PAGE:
Another important part of the user interface is the cursor (referred to in the CSS specification as the “pointing device”), which is controlled by a device such as a mouse, trackpad, graphic tablet, or even an optical-reading system. The cursor is useful for providing interaction feedback in most web browsers; an obvious example is that the cursor changes to a small hand with an extended index finger whenever it crosses over a hyperlink.
CSS2 lets you change the cursor icon, which means that it’s much easier to create web-based applications that function in a manner similar to desktop applications in the operating system. For example, a link to help files might cause the cursor to turn into a “help” icon such as a question mark, as shown in Figure 13-2.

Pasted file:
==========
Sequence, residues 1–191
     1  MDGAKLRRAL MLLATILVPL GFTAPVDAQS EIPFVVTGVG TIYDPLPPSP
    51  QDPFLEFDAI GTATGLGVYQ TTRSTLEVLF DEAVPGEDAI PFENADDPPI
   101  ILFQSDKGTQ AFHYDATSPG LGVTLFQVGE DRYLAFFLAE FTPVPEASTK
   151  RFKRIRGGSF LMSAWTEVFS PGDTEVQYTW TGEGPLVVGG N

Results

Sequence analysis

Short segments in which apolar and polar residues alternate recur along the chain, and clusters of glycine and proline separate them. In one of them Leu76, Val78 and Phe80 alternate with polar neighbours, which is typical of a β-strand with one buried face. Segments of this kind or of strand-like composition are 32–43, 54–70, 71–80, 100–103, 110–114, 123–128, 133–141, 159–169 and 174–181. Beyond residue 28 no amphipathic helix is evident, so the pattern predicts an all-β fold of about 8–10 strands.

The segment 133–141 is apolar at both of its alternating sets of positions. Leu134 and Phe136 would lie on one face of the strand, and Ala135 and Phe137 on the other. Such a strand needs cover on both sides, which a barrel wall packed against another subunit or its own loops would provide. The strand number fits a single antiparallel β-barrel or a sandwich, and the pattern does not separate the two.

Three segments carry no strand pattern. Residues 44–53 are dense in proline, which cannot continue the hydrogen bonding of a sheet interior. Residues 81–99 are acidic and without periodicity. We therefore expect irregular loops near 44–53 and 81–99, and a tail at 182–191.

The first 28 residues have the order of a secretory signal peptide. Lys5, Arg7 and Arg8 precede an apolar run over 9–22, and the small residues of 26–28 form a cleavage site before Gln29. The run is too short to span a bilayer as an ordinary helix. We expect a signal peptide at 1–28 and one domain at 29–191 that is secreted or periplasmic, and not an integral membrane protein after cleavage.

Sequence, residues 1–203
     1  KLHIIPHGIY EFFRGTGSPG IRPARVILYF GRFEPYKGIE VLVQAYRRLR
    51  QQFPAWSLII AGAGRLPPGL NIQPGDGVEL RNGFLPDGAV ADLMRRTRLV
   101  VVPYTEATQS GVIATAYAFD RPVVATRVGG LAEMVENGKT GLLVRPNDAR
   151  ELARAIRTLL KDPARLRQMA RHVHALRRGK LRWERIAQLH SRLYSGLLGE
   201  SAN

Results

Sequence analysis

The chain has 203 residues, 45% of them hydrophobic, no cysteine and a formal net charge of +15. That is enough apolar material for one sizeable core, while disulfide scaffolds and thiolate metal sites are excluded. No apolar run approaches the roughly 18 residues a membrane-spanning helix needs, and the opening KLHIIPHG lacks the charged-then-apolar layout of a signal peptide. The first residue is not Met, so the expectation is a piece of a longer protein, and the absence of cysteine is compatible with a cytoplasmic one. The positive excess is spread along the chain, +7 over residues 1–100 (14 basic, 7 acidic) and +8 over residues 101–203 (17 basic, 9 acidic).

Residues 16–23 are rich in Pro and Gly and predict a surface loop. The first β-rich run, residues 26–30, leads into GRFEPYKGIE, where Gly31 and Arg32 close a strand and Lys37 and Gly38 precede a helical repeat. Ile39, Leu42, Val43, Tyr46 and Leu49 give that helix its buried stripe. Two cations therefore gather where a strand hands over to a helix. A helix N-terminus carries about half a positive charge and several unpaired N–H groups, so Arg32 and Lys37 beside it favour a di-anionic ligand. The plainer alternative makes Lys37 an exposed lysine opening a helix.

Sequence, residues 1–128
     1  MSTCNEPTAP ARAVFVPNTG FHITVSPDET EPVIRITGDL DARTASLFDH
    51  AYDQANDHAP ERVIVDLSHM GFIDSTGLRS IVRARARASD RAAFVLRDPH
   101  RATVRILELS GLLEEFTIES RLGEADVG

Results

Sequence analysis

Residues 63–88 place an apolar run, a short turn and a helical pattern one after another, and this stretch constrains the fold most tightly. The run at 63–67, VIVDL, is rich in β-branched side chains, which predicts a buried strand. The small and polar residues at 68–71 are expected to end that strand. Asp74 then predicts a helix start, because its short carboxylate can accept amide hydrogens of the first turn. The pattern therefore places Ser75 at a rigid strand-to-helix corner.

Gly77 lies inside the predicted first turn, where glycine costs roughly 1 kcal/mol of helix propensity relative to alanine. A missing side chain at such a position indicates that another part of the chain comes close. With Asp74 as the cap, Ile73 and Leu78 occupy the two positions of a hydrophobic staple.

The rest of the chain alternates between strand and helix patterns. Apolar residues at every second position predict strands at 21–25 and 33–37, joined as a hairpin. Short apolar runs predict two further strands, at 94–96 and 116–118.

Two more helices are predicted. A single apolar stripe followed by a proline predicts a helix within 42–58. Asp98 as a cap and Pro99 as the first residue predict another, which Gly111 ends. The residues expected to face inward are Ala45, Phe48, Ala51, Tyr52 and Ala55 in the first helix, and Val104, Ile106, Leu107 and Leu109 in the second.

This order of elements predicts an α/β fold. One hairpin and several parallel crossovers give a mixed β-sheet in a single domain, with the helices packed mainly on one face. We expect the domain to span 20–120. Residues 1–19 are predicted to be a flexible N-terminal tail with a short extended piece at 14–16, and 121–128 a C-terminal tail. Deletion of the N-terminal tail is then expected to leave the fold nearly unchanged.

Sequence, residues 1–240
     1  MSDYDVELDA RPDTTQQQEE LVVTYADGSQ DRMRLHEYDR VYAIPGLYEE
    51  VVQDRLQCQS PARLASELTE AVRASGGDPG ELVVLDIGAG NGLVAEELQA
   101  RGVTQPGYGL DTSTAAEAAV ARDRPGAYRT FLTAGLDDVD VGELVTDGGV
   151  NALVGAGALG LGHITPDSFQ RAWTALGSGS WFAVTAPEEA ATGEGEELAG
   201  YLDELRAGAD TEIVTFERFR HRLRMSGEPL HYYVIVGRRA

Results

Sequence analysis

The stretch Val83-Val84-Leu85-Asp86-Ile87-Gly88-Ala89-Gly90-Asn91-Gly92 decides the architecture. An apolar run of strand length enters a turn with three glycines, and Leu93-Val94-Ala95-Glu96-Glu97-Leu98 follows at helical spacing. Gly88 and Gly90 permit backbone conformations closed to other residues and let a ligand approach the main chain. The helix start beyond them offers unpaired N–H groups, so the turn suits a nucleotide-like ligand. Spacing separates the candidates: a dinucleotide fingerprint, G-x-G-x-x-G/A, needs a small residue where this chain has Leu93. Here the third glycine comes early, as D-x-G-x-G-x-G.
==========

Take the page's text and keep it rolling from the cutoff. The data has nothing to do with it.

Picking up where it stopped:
Figure 13-2. Changing the cursor’s icon
This is accomplished with the property
The default value,
auto, simply means that the
user agent should determine the cursor icon most appropriate for the
current context. This is not the same as
default, which forces the icon to be ...